Chlorpyrifos, O,O-diethyl-O-(3,5,6-trichloro-2-pyridyl) phosphorothioate, is one of the most widely used organophosphorous pesticides worldwide due its high efficacy (Carvalho et al. 1992; Liu et al. 2001, Meikle and Youngson 1978). In Kenya, Dursban formulations are mainly used for protection of horticultural fruits and vegetables (Lalah 1994), Because of its low water solubility (0.4 mg/L) and high hydrophobicity (log Kow of 5.27), it is believed that chlorpyrifos would be able to partition easily onto aquatic sediments and macrophytes where it can pose dangers to benthic organisms (Ronday et al. 1998). It is also quite a volatile toxicant due to its low vapour pressure (2.5 mPa at 25 °C) and low air-to-water partition coefficient (8.9 10"4 at 25 °C) and its residues have been detected in air and rainwater samples (Liu et al. 2001).Increasing use of chlorpyrifos also causes a lot of anxiety to environmentalists and toxicologists because it is toxic to both humans and wildlife. As an irreversible inhibitor of acetylcholinesterase, it can cause impairment in mammalian brain cell development (Lund et al. 2000; Jeanty et al 2001; Jett et al 1999; Slotkin et al. 2001). Widespread use of this compound is therefore considered to be of great danger particularly to pregnant women and children Some of its reported toxicities to aquatic organisms include 96 hr LCNo of 0.13 |.ig/L and 96 hr LC?o of 0.035 Ug/L in adult Neomysis integer and Americamysis bahia, respectively (Roast et al. 1999). Although its toxicity in mammalian and aquatic organisms has been well documented, its fate and effects on aquatic ecosystems in tropical conditions where it is expected to degrade and dissipate faster (Carvalho et al 1992) are little known. In a laboratory model aquarium simulating a tropical marine environment, we studied the persistence and accumulation of HC-chlorpyrifos in sediment, fish and oysters. The results obtained from these studies are reported in this paper.

I.O, JUMBA, O WANDIGAS, W.G M, J.O L.  2003.  The Distribution, metabolism and toxicity of 14C-DDT in model aquarium tanks with fish and sediment simulating a tropical marine environment.. Toxicol and Environ. Chem. 84, 253-268 (Trailer & Francis Group). : Association of Africa Universities Abstract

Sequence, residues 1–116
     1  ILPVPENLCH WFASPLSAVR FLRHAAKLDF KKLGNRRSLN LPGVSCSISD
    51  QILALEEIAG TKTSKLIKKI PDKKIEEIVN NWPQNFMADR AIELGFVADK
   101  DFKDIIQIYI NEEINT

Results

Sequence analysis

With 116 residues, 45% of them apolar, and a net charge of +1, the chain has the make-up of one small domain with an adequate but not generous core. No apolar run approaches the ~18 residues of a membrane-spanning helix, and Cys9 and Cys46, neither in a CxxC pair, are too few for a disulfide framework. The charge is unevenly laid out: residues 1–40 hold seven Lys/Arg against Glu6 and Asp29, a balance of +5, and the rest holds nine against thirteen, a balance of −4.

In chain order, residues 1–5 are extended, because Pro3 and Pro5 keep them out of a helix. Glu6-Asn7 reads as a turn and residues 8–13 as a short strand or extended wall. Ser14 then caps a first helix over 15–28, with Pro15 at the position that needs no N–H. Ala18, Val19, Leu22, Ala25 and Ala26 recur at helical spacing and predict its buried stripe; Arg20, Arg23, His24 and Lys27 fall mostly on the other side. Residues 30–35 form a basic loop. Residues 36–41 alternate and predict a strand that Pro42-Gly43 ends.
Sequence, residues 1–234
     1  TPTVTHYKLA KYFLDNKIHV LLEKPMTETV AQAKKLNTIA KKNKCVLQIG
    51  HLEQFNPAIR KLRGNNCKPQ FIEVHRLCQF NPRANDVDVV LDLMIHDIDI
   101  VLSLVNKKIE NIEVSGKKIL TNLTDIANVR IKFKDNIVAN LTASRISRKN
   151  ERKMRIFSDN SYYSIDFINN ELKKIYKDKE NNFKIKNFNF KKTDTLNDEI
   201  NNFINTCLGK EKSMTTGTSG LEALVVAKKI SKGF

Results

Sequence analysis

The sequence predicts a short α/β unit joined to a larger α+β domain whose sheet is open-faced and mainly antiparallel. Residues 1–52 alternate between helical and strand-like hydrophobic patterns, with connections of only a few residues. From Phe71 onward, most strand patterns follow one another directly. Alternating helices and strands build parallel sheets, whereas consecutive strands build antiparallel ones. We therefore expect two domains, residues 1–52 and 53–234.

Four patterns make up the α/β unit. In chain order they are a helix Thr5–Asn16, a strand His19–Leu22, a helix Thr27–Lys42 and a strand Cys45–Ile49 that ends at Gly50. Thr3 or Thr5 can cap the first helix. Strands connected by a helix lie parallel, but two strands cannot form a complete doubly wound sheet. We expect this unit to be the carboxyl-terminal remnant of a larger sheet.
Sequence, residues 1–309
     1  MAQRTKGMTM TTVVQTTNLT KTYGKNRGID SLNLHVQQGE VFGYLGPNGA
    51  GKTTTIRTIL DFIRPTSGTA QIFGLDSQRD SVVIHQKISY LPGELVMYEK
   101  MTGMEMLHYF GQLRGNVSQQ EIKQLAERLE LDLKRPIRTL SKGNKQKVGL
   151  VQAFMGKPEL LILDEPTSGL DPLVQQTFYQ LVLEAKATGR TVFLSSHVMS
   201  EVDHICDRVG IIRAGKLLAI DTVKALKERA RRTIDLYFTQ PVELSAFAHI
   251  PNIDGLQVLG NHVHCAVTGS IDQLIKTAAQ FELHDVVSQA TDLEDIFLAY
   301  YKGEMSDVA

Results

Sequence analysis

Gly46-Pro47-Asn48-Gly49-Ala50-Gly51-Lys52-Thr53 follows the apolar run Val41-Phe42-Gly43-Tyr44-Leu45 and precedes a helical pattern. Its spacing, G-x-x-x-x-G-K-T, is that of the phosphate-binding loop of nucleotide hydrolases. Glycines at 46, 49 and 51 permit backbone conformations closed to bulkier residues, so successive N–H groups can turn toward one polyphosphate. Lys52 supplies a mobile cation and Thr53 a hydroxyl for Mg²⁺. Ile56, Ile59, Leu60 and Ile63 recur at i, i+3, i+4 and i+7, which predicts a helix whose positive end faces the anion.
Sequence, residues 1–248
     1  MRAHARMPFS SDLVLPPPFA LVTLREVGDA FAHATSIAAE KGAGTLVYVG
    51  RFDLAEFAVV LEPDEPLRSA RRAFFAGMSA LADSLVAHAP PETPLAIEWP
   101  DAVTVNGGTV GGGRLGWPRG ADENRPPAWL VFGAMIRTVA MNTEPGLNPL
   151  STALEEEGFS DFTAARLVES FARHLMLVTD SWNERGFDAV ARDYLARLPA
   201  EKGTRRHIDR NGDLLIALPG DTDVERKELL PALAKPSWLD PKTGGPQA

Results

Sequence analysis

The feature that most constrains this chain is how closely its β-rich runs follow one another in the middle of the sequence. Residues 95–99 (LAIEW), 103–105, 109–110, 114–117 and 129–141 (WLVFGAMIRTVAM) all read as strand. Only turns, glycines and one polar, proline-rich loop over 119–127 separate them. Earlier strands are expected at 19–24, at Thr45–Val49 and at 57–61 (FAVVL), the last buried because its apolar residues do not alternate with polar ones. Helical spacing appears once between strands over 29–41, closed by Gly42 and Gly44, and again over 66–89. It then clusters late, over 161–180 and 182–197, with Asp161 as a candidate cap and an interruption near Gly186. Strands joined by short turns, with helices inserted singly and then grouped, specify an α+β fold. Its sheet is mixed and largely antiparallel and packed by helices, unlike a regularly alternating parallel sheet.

Studies were conducted on the distribution, fate and metabolism of DDT in a model ecosystem simulating a tropical marine environment of fish, Gabions nudiceps, Leihrinuf haruk, Cohious keineiis, Gnhiota nebutosis and white shrimp iPanaeus seliferus), show that DDT concentration in the water decreases rapidly within the first 24 h. Rapid accurr. • ution of the pesticide in the biota also reaches a maximum level in 24 h before graJuiiiy declining The bioaccumulution factors calculated for the fish specie.! (G. keinesis) and white shrimp '(P. Stiiferu!) were 270 and 351, respectively, after 24 h There was a steady build up of DDT residues in the sediment during the first 24 h which continued to a maximum concentration of 6 66 ng g in the sea-water fish sediment ecosystem after 3 weeks and 5.27ngg in the seawater/shrimps/sediment ecosystem after 2.7 days The depuration of the accumulated pesticide was slow with only 54% lost in G. nudiceps within 3 days of exposure in fresh sea water. By contrast, depuration was fast in the while shrimp, which lost 97% of the accumulated pesticide under the same conditions. DDT was found to be toxic to two of the fish species, (G. nebulmis and /_. huruk) and to white shnmp, and the degree of toxicity was dependent on the particular species. The 24 h LCyj al room temperature lor the fish species G. nebulous and white shrimp was found to be 0.011 and O.I 16mg kg. respectively. These levels are comparable to the ones recorded for the temperate organisms. Degradation of DDT to its primary metabolites. DDE and DDD. uas found in all the compartments of the ecosystem with DDE being the major metabolite in the fish, shrimps and sediment, while in se.iwater. DDD dominated as the major metabolite.

I.O, JUMBA, J.O L, S.O W.  2003.  Organochlorine pesticide residues in Tana and Sabaki Rivers in Kenya. Bull.. Environ. Contam. and Toxicology.. 71:298-307..: Association of Africa Universities


I.O, JUMBA, S.O W, D.M.K O, L MBUVI, J.O L, I.O JUMBA.  2002.  Accumulation, distribution and Metabolism of 14C-1, 1-Trichloro-2, 2- bis-(p-Chlorophyenly) ethane (ppDDT) residues in model tropical marine ecosystem.. Environmental Technology (U.K.) 23, 1285-1292.. : Association of Africa Universities Abstract